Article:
Reported by Lauren
Natural disasters, international spies, and funny animals are just a few of things our Nevermore members discussed at the last meeting.
One reader shared her review of The Worst Hard Time: The Untold Story of Those Who Survived the Great American Dust Bowl by Timothy Egan, a study of what has been called “the greatest environmental disaster ever to be visited upon our land.” This nonfiction book describes the perils of living in the High Plains during the Great Depression while dust storms decimated crops causing residents to starve. These stoic, hard-working farmers refused to abandon their homesteads, surviving on little to nothing. Our reader declared it was so much worse than she had ever imagined or been taught. She strongly encouraged everyone read to it, as the threat of natural disasters brought on by climate change due to technological advances is still timely.
Our next reviewer shared The Frog with Self-Cleaning Feet by Michael Bright. Another nonfiction work, this book highlights fun facts about various animals in the wild, including what they eat, how they camouflage and defend themselves from predators, and even how they bathe and use medicinal plants and herbs to heal themselves. Our reader remarked, “Humans are so boring! We only know how to use our two hands, while these fantastic animals are so creative.” She wished she could read and discuss it with a friend, as she caught herself laughing out loud and saying, “This is unbelievable!” She highly recommended we all check it out.
Two of our members had read Tell Me Everything You Don’t Remember: The Stroke That Changed My Life Forever by Christine Hyung-Oak Lee. Ironically neither of them could remember the full title! Author Christine had a stroke at just 33 years old. Her doctor recommended that she keep a diary or journal to help rebuild her memory. This memoir is the result. One reader loved the book, saying that it was really like being inside the mind of stroke victim. The writer jumps around in time, repeats things, and doesn’t always remember details. She found this realistic and endearing; however our other reader disagreed. She didn’t like the time jumps and memory lapses, and found the whole thing repetitive and unnecessary in some places. It was tough for her to even finish. We were all amused to see how two people could interpret the same book so differently.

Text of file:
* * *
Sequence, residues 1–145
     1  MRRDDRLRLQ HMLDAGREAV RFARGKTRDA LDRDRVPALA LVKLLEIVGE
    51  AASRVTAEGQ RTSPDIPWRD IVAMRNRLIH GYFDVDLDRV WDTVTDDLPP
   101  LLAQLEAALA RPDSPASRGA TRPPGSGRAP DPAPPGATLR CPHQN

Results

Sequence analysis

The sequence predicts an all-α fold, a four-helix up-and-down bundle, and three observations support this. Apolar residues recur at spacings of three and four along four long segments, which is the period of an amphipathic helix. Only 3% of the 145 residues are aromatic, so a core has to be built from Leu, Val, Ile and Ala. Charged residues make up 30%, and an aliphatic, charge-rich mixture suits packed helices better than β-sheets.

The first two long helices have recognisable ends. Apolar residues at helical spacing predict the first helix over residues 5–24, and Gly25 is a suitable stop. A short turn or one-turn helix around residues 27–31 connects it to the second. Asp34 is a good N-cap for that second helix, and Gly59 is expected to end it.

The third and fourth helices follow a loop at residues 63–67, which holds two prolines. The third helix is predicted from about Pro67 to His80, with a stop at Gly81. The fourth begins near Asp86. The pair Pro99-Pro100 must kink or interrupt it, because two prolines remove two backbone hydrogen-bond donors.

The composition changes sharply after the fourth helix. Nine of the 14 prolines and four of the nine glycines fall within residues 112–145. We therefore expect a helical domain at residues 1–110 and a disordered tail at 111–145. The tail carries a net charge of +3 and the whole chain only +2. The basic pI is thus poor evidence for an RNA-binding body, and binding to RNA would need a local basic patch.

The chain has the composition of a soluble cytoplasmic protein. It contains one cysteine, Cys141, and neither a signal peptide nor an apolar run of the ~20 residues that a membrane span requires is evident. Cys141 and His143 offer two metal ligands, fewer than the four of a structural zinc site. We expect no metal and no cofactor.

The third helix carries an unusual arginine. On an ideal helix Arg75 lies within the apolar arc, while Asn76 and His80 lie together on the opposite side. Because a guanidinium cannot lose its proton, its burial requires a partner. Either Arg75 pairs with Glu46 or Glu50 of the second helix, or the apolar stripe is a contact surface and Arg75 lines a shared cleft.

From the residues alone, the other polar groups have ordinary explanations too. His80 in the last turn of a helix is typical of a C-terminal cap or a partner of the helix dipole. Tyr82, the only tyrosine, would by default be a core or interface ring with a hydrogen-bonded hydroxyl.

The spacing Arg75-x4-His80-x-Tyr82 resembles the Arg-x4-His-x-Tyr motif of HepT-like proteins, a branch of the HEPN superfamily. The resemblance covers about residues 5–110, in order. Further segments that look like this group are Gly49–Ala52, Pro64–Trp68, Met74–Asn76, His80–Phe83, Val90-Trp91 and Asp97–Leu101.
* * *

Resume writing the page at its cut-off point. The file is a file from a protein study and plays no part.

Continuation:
On a fictional note, one reader is currently engrossed in Codename Villanelle by Luke Jennings, the first in the series of novels on which the award-winning BBC America mystery series Killing Eve is based. Villanelle is a Russian orphan turned assassin; Eve is a British Intelligence Agent assigned to track down a killer (Villanelle). The cat-and-mouse game between the two women is extremely interesting so far – our reader promised to keep us posted! She also took the sequel, Killing Eve: No Tomorrow.
To wrap up our meeting, we discussed one of the latest titles in the self-help genre, Girl Stop Apologizing by Rachel Hollis. Hollis is a successful blogger, author, motivational speaker, and mom. In this novel, she presents strategies other like-minded women can use to reach their own goals and find success, whatever that looks like to them. Her main point is to stop apologizing for your dreams, and do whatever you need to do to reach your goals. Through funny anecdotes and various lists, she advises women to stop allowing others’ doubts to keep you from living your best life. While our reviewer didn’t find any of the information new or ground-breaking, it was a nice reminder to be yourself and stay the course, even when daily life seems overwhelming. Three out of five stars!
The Nevermore Book Club meets every Tuesday at 11:00 am in the Frances Kegley Meeting Room at Bristol Public Library. New members welcome!